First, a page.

Today, CMOs can choose from literally thousands of tools to achieve countless goals – from competitive intelligence, to SEO improvement, to ease of email deliverability. Most marketing budgets have expanded to allow companies to take advantage of new tools and advancements. But are CMOs seeing ROI on these tools? Consider these two trends.

Trend #1: New marketing tools tend to create data silos.

According to a recent study by Teradata and Forbes Insight, more than 65% of marketers say internal silos “prevent them from having a holistic, cross-channel campaign view.”

Trend #2: CEOs are not seeing ROI on investments in new marketing tools.

Naturally, CEOs expect to see an immediate ROI from the tools that CMOs adopt. But the evidence below, compiled in a recent blog post by Dave Hubbard (“Why Is Marketing Dragging Their Feet On Marketing ROI?”), suggests that both CEOs and CMOs are ambivalent about the value of such purchases.

  • 93% of CMOs are accountable for ROI but say they don’t have the means to deliver results.
  • 80% of CEOs don’t really trust marketing.
  • 71% of CEOs say they don’t see the payoff from the CMO’s technology investments.

As we all know, ROI on marketing spend comes in one or two ways: 1) finding buyers that convert into sales and 2) cutting costs or spending less time and money on activities.

The problem is that many marketers are bogged down by activities: more clicks, more page views, more likes, more leads. But activities only matter if they move the buyer toward an eventual sale. That means activities must be timed well and aligned with prospective buyers’ known needs and wants.

Instead of chasing clicks or tracking the performance of singular activities, what CMOs really need is visibility into the buyer universe. They must know where their prospects are in the buying process, insights about prospect needs, and any data that indicates when and what products prospects are likely to buy.

Eliminating Siloed Marketing Data

Marketers are constantly chasing data. The more data you collect, the bigger your data universe expands, and the more difficult it becomes to synthesize that data into strategic action.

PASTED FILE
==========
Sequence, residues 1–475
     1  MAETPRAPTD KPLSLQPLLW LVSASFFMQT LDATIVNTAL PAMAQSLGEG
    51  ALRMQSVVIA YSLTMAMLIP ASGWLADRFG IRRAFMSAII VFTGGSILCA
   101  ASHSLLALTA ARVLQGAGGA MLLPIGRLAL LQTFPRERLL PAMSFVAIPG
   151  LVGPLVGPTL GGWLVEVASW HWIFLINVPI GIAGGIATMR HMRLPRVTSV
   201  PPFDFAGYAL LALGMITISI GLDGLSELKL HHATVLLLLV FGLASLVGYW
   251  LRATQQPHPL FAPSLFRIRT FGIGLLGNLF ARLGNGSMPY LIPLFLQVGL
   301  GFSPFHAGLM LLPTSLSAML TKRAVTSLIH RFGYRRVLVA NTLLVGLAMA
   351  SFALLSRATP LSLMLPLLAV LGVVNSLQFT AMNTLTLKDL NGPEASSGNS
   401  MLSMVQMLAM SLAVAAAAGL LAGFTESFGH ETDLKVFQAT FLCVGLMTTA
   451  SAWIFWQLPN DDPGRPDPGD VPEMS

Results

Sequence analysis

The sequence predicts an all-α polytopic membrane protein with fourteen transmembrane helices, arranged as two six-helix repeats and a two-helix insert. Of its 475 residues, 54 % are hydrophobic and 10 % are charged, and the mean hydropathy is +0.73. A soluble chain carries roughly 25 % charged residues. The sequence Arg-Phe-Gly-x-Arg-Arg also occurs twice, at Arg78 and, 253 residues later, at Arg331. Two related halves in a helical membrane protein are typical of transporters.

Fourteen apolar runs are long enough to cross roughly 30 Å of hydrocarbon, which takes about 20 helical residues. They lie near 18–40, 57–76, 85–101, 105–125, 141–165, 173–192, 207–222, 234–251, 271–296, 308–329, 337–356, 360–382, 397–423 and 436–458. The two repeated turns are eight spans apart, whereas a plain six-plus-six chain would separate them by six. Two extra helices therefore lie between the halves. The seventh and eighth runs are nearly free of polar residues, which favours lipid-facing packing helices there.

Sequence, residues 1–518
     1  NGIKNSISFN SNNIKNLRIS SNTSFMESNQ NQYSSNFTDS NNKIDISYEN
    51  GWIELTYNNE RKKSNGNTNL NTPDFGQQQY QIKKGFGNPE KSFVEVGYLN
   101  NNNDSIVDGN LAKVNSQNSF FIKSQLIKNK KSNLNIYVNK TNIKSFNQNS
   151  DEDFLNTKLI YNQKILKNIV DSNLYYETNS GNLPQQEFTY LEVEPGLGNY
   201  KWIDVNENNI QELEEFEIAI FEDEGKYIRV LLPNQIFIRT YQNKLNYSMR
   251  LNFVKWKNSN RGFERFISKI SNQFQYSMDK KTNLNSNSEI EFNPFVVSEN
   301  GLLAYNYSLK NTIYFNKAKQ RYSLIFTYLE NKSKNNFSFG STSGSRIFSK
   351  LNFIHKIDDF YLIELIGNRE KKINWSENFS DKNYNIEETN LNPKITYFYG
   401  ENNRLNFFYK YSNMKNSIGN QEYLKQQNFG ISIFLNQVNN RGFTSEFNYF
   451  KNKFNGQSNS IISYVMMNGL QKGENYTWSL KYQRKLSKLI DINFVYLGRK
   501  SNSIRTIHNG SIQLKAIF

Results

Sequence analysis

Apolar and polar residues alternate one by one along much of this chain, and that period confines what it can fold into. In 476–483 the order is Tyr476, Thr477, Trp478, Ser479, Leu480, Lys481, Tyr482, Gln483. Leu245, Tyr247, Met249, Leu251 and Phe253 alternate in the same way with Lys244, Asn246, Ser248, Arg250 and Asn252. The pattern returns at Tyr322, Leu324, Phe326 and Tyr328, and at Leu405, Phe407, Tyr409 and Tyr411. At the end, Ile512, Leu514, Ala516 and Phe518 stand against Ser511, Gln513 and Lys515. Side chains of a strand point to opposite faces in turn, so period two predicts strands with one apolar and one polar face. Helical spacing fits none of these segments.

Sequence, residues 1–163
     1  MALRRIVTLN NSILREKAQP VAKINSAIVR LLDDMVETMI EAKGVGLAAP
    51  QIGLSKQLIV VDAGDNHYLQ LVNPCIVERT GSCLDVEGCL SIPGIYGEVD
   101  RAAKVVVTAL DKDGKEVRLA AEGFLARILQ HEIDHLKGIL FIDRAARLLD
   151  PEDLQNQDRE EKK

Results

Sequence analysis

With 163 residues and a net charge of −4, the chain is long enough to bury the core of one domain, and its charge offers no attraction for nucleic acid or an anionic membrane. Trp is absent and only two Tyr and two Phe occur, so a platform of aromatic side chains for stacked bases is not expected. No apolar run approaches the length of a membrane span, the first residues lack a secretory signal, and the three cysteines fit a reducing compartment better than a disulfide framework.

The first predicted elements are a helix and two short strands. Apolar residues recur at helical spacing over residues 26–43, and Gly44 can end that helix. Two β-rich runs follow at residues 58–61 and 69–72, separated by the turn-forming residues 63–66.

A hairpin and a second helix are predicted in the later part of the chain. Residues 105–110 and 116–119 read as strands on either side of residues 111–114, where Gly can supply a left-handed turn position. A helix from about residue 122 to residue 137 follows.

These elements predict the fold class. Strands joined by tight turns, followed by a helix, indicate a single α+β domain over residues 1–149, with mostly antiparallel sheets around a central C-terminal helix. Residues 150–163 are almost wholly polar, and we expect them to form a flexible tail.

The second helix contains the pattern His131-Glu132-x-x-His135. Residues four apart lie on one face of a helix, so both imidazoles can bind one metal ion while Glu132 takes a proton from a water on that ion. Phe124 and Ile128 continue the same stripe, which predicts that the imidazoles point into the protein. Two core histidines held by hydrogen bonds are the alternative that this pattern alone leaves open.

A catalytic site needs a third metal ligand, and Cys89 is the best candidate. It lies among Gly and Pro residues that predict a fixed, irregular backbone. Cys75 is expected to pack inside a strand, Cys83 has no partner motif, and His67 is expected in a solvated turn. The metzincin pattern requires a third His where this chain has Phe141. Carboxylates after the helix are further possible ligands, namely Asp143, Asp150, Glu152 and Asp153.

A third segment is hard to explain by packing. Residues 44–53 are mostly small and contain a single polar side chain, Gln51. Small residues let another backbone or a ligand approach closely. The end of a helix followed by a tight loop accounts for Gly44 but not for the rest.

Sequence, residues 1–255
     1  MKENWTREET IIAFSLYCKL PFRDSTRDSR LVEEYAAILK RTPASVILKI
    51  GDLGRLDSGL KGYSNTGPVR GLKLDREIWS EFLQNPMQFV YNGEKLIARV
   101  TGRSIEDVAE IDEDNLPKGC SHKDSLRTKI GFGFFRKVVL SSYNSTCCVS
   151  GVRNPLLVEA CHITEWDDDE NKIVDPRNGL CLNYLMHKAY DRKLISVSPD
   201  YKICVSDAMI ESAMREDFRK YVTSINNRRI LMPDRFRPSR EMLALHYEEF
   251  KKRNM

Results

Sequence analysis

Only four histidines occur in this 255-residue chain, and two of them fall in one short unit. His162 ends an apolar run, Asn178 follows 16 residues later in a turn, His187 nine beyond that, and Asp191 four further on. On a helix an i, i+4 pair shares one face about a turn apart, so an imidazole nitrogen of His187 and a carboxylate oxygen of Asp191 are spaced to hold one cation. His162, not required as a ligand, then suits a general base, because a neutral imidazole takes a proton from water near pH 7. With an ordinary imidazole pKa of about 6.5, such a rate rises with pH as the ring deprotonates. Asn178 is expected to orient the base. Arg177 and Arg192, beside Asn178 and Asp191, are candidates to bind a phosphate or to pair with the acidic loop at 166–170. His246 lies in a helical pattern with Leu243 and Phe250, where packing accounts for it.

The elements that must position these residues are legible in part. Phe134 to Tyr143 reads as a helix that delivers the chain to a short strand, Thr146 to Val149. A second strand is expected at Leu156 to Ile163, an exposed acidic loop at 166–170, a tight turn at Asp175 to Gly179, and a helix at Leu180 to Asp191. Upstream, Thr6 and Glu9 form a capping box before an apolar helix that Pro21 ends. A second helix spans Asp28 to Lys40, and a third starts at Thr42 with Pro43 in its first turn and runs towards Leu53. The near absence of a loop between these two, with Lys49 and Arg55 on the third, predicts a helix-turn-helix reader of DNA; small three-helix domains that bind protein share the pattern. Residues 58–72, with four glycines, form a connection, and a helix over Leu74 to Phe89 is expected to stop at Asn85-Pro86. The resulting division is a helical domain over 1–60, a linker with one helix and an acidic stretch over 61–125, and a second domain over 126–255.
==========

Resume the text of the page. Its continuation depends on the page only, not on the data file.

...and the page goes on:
Siloed data leaves gaps in your awareness about buyer behavior. This can lead to poor buyer experiences, which in turn makes your collaborations with sales less effective. For example, marketing automation can tell you that a buyer engaged with you 10 times and became a marketing qualified lead (MQL). It might tell you that person attended one of your events. But do you know if that person also clicked on one of your ads? Or spent three hours researching your competitors’ solutions on the web? When you are unaware of your prospects’ activities, you’re at a disadvantage when it comes to successfully engaging with leads and converting them to opportunities.

By contrast, predictive intelligence tools give you complete visibility into your “buyer universe” by tying together all the behavioral and demographic data from your marketing and sales systems with buying signals and intent data left by your prospects on the greater B2B web (places other than your website). This full-picture view gets marketing and sales on the same page because both teams see the same data. They can work together to find and nurture leads, convert them to opportunities, and close deals in a coordinated fashion.

Increasing ROI on Marketing Spend

When data exists in lots of places, your organization wastes resources and is more likely to lose opportunities. Think of the customer who is in negotiations with you and receives an email from a competitor offering a lower price. Or consider the time your sales team missed out on an RFP because no one knew the target account was looking to switch vendors.

Predictive intelligence prevents these inefficiencies by giving you a unified view of your potential buyers and their position in the buying stage. This way, you approach prospects in an intelligent and targeted fashion. From a sales perspective, you’ll know which leads are highly likely to buy, what they’ll buy, and when.

One 6sense customer ran a blind test to see how long it would take to open an opportunity – predictive versus non-predictive – over 90 days. In that time, the sales team had opened just six opportunities with control (non-predictive) group. The other sales team opened 300 leads from the test predictive) group. That’s is a whopping 50 times more opportunities than the control group.

Also, this customer knew that they typically needed 33 touches to convert a lead. With 6sense, they needed only 10 touches to convert that lead. That’s a 67% reduction. These types of result proved to the sales team how predictive can be used to prioritize leads that are highly likely to buy over less promising leads.


These kinds of dramatic results are just the beginning for sales and marketing teams. We all know we’re generating tons of data every day. The question is, how will we assemble it all in one place so we can get a comprehensive understanding of our buyers? That future lies in predictive tools, and they’re generating dramatic results for forward-thinking CMOs. For now, marketers who cannot prove their activities tie back to revenue will continue to do battle with C-level executives.